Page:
Car lovers rate auto expositions on the number and kinds of automobiles displayed on convention hall floors.
But convention and tourism officials use a different measure. To them, a car show is one of many trade events competing for convention dates and floor space. The winner is the one that puts the most heads in hotel beds.
Trade shows that fill hotel rooms for two or three nights are especially desirable. The longer visitors stay in town, the more money they are likely to spend at and apart from the event that brought them there.
By comparison, events that fill convention halls during the day but leave hotel rooms vacant at night can cost more than they earn. City services, including police protection, are expensive. Convention hall lights don't burn free of charge.
Given those realities, convention and tourism officials, including those at the Washington Convention and Tourism Corp., tend to be a conservative lot. They stick with what works -- even if it is only modestly successful.
That, mostly, is why the Washington Auto Show has remained unchanged for 62 years. It was conceived as Christmas holiday fare, served to families in town for the annual yuletide celebration. Thus, the shows began at or shortly before Christmas and ended on New Year's Day.
That made sense in decades past. Washington was a sleepy Southern outpost that happened to be the nation's capital. Hotel beds were easy to fill, because the hotels weren't many. With Congress, lobbyists and federal regulators out of town for the holidays, hoteliers were happy to have a few ordinary souls pick up the slack and flop in their sacks.
But times have changed, and the WCTC, the authority controlling convention booking dates in the District, is giving the Washington Auto Show a big chance to change, too.
The WCTC and the Washington Area New Automobile Dealers Association (WANADA), the latter being the primary sponsor of the auto show, have confirmed that new show dates will be set for later in January, beginning Jan. 23-29, 2006.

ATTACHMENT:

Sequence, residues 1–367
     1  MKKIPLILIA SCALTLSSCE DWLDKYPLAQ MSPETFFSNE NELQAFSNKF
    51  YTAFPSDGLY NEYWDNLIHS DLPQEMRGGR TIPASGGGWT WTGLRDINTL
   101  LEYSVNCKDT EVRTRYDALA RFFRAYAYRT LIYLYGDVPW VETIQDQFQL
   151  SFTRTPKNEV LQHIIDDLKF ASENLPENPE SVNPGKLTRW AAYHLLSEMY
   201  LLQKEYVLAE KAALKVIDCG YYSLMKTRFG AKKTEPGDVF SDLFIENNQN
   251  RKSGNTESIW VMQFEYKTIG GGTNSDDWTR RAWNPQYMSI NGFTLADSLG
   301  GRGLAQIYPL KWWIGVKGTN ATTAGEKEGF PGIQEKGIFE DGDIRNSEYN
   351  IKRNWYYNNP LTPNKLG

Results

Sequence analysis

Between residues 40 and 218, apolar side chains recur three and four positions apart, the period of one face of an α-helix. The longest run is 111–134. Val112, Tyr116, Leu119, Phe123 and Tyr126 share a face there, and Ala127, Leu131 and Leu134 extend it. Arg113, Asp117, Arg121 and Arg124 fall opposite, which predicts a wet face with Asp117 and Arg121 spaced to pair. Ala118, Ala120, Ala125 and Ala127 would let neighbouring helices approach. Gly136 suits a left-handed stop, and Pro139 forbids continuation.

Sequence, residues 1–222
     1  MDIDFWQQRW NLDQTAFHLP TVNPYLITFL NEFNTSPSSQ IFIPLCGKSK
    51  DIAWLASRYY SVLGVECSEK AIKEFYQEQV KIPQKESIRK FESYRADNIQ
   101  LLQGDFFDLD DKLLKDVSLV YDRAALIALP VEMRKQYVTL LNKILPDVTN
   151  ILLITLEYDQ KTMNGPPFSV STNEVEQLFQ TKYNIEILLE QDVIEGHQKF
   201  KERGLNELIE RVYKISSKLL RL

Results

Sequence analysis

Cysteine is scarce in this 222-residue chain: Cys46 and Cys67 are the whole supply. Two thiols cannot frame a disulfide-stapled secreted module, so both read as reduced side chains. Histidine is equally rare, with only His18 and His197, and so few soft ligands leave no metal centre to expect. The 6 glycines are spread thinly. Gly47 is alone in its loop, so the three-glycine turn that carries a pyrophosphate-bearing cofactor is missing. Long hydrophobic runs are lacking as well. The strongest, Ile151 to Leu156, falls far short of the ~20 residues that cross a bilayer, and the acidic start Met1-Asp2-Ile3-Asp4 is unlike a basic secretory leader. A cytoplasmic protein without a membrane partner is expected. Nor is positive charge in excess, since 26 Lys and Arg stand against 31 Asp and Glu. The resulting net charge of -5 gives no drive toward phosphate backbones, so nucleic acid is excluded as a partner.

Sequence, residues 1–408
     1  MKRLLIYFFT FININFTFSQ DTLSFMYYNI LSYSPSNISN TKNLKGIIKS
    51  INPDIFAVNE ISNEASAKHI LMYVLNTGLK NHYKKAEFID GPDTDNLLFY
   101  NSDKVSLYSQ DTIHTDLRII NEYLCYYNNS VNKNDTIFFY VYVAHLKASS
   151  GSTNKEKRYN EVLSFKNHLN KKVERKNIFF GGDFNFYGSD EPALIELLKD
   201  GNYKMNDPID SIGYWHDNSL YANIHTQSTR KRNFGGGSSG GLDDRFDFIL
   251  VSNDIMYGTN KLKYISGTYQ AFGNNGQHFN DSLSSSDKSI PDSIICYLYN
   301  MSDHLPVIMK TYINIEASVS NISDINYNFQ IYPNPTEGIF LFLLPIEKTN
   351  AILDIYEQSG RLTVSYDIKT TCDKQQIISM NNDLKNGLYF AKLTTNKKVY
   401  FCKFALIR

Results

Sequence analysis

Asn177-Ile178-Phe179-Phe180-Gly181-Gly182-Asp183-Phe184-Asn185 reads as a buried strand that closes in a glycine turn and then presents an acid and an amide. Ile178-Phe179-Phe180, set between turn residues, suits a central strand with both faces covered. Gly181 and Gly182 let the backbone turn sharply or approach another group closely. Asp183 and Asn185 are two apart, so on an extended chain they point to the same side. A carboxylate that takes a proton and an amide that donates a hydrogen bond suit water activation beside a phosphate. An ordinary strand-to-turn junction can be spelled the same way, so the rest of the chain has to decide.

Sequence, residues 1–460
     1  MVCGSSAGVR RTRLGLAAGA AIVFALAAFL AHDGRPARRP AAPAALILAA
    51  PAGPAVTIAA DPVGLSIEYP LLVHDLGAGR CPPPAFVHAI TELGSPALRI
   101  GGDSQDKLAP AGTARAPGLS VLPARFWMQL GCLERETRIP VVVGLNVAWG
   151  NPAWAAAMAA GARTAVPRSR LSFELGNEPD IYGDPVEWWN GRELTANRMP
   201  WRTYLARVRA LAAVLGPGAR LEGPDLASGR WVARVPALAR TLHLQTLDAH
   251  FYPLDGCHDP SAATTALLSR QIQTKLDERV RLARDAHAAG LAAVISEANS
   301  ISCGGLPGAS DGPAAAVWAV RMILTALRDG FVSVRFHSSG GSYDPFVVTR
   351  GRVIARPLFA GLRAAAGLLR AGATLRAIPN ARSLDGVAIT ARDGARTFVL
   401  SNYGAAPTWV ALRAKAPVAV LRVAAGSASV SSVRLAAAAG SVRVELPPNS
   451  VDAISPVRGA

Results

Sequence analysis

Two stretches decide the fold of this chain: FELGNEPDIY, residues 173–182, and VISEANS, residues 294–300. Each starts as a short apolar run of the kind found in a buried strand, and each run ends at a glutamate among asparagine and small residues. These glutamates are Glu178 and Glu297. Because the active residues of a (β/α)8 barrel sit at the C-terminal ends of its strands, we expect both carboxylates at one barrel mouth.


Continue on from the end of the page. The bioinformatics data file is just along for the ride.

Confirmation also came from Yoffe Exposition Services Inc. of Marblehead, Mass., the company that actually sets up the Washington Auto Show and numerous other expositions worldwide.
There was an attempt to establish those dates for 2005, but the 2004 presidential race got in the way of that. The winner of that contest will be dancing at inaugural balls in January 2005. Local hoteliers won't have any problems finding customers then.
So, the 2005 show will follow the traditional schedule, which means it will run Dec. 26, 2004, through Jan. 2, 2005, for the general public.
The new schedule starting in 2006 will be in effect through 2009. It is a chance to turn the Washington Auto Show into a premier automotive exhibition by taking advantage of Washington's strengths, said Bob Yoffe, president of Yoffe Exposition Services and director of the Washington Auto Show.
"We're putting together a good plan to create a world-class auto show. The convention authority is working with us, giving us a chance to prove ourselves with this new schedule," Yoffe said.
The plan is to exploit Washington's position as the top regulator of all things automotive in the United States.
Washington has the White House, Congress, the Environmental Protection Agency and the National Highway Traffic Safety Administration. It has the lobbying office of every major automaker in the world, and it also is home to many lobbyists for every major group working against them.
The problem with the traditional Washington Auto Show dates is that few if any of those people are around town during the Christmas holiday period. They are back in their districts, or otherwise away from here with their constituents, families and friends.
Indeed, I always find more members of Congress and federal regulators attending car shows in Detroit, New York and Geneva than I do at the show in Washington.
For the car companies, that makes the D.C. show something of a downer. It costs them tens of millions of dollars to set up exhibits. The aim is to get customers. But it's also to influence policy by demonstrating things such as new safety, fuel conservation and emission-control technologies. In that regard, over the Christmas holidays, they quite literally are playing to an empty House and Senate in Washington.
The 2006 event will include a Congressional Day on Jan. 23. The initial aim, of course, is schmoozing -- giving lawmakers personal access to the auto industry's movers and shakers, engineers, designers and chassis makers. But the plan is for Congressional Day to eventually grow into a genuine federal-corporate-citizen automotive seminar to discuss and debate a wide range of industry topics.
That should help to bring a lot of industry analysts, engineers, suppliers, designers, journalists and others to town to help fill more hotel beds.
Plans also are in the works to make Washington's Embassy Row an integral part of the auto show. China, for example, is emerging as a global player in the industry. It should have display space there. Ditto Russia, India, Poland, Brazil and many others.
Plans also include possible display space for alternative automobile companies, such as Zap, the electric car producer in Santa Rosa, Calif.
In short, if it all works out, local hoteliers will be happy. But, more important, car lovers will be happy. They finally will get the Washington Auto Show they have been demanding for years.